The Nigerian Labour Congress, Akwa Ibom State chapter, on Monday failed to embark on a protest to halt the Akwa Ibom State House of Assembly from passing the N100m bill, Governor Godwill Akpabio presented to the House for approval.
The NLC state chairman, Mr. Unyime Usoro, who told our correspondent on Sunday that the labour union would embark on a protest to dissuade the House from passing the outrageous bill, turned numb as the House after moving a motion for the bill to be read the third time, passed it into law.
The executive bill which had earlier passed the first and second reading was presented for deliberations at the committee of the whole at plenary.
The bill as passed sought a pension for life at a rate equivalent to the salary of the incumbent governor to former governors and ex-deputy governors.
The law also provided for the former governor a provision for funds to employ a cook, chauffeurs and security guards at a sum not exceeding N5m per month and N2.5m for the deputy.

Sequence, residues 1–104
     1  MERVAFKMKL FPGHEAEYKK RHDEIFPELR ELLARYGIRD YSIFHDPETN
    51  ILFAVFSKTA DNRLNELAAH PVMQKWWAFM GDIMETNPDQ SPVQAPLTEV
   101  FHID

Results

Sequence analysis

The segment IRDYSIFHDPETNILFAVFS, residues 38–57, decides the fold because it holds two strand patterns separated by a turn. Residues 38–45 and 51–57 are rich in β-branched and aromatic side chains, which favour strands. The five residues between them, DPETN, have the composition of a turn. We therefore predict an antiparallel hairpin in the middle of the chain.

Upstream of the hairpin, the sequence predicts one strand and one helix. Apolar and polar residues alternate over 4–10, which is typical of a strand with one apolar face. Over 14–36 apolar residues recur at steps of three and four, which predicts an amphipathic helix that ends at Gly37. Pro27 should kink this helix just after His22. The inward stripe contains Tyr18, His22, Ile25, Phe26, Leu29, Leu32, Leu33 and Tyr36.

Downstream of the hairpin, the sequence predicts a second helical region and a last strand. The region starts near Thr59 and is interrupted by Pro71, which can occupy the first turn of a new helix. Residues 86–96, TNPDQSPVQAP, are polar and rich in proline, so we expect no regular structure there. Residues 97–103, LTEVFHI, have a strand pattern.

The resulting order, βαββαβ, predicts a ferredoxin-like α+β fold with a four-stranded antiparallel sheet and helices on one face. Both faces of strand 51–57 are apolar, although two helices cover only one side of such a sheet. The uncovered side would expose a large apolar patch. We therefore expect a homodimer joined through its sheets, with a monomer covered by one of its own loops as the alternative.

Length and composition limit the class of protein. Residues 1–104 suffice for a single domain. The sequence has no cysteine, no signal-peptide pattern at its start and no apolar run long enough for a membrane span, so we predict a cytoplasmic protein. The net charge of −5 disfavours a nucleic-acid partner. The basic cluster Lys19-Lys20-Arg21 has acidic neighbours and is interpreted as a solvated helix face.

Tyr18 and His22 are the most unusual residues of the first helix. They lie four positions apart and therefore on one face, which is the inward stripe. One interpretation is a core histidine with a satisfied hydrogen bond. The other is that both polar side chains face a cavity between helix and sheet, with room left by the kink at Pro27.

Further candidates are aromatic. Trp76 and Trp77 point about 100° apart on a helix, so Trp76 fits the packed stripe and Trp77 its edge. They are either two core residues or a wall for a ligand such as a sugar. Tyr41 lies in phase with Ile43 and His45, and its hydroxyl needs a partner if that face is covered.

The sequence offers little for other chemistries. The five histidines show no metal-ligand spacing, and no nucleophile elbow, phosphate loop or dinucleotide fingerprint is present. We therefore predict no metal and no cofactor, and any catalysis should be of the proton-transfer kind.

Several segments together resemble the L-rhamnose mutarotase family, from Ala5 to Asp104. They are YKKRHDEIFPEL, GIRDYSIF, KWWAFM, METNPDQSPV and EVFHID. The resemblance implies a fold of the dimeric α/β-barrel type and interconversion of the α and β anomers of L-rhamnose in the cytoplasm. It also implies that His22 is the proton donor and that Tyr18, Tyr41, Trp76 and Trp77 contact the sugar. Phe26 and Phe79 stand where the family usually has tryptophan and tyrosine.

According to the bill as passed, the former governor would also be entitled to a free medical services for his person and spouse at a sum not exceeding N100m per annum and N50m for former deputy governor.
The bill also sought to provide for the former governor a befitting accommodation not below a five-bed room maisonette in either Abuja or Akwa Ibom for governor.
The bill also provided for yearly accommodation allowance of 300 per cent of annual basic salary for the deputy governor of Akwa Ibom.
The former governor would also receive a severance gratuity of 300 per cent of annual basic salary as of the time the former leaves office among other things.
After heated debate by members, the deputy leader
Dr. Ekaete Okon (PDP), moved a motion for the bill to be read the third time and passed into law.
The motion was seconded by Mr. Aniekan Akpan, PDP member representing Ukanafun state constituency.
The Speaker, Mr. Samuel Ikon, directed the clerk of the House, Mrs. Mandu Umoren, to forward a clean copy of the bill to the governor for assent.
However, the eligibility aspect of the bill, took the House over three hours to deliberate upon.